William D. Canup was born on May 23, 1941, and hailed from Indianapolis, IN. After high school, he studied Engineering at the University of Evansville. He enlisted in the Air Force and began his tour of duty on February 4, 1968. He was assigned to the 615th TFS out of Phan Rang AB, RVN.
“On April 6, 1968, CAPT Canup [Bobcat 6] was on a normal flight schedule when he traded places with another pilot who was assigned to fly the North American F-100D Super Sabre (#55-2911) that was generally flown by Canup. He flew the Super Sabre on what was regarded as a routine mission when the jet was brought down by a “Golden BB,” a single round which caused it to crash near highway QL-19, thirteen miles northwest of An Khe in Binh Dinh Province, RVN. It was speculated that the bullet may have incapacitated Canup as he went down with the ship, canopy still intact and no ejection executed. Because of the tactical situation on the ground, his remains were not recovered until the following day when they were brought back to Phan Rang. A few days later, a memorial service was performed at the chapel on base by a Baptist chaplain Canup had been friendly with.” [Taken from coffeltdatabase.org and information provided by Richard Buickerood (September 2019)]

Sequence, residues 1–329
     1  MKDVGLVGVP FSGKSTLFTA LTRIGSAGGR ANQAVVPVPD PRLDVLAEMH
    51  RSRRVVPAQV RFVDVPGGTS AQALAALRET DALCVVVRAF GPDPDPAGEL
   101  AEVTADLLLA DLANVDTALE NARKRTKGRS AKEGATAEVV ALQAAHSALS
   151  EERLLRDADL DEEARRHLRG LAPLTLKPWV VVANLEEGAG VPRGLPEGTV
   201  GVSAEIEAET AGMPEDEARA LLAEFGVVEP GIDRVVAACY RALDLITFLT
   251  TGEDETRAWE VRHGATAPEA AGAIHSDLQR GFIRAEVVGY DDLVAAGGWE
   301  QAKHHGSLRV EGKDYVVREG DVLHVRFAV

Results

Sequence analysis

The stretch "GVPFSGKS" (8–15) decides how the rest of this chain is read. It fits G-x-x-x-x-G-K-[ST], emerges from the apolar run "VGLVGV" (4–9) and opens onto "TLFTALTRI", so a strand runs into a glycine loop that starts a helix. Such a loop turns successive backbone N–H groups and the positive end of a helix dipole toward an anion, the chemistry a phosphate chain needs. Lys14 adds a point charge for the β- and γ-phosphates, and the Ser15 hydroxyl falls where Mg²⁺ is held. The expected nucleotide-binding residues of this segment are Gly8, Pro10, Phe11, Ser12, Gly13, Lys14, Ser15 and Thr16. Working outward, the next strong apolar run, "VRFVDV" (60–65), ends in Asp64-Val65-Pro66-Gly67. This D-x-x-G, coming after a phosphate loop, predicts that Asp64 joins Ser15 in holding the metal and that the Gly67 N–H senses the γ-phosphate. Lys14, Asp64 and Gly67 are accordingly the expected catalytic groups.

William David Canup is buried at Washington Park North Cemetery, Indianapolis, IN, and is honored on the Vietnam Veteran’s Memorial in Washington DC. Name inscribed at VVM Wall, Panel 48e, Line 24.
April 6, 1970 – CAPT Michael Lee Klinger was flying an F-100D (#56-3278), call sign “Sabre 31”, on a strike mission approximately five miles east-southeast of Ban Vay, Laos. The target was marked by a Forward Air Controller (FAC) and the flight was briefed for a strafing pass. Klingner made his pass and was observed to have fired his guns. Some five seconds later, the flight leader and the FAC observed a large ball of fire as Klingner’s aircraft impacted with the ground. No parachute was observed and no beeper signal was detected. Aerial reconnaissance was made but found no signs of survival. His remains were not recovered. [Taken from coffeltdatabase.org]
Klingner was born on July 14, 1945, and lived in McCook, NE.
Carrol Johnson, friend, and fellow Hun Driver says of Mike “I always considered him the best wingman I flew with. You could always depend on him, no matter what the mission was.
Mike was fun to know and be around, always in a good mood with a smile on his face. I considered him one of my best friends in my entire Air Force career. Since his death happened so long ago, I will always remember him as “Forever Young”.”
Mike left behind his wife, Jane who also remembers him with a tribute on the Vietnam Virtual Wall: “
“And He will raise you up on eagles’ wings,
Bear you on the breath of dawn,
Make you to shine like the sun,
And hold you in the palm of His hand.”
Mike, your spirit lives in our hearts and encourages us to be the best that we can be.”
The verse quoted above is from
On Eagles’ Wings,
Fr. Jan Michael Joncas
based on Psalm 91.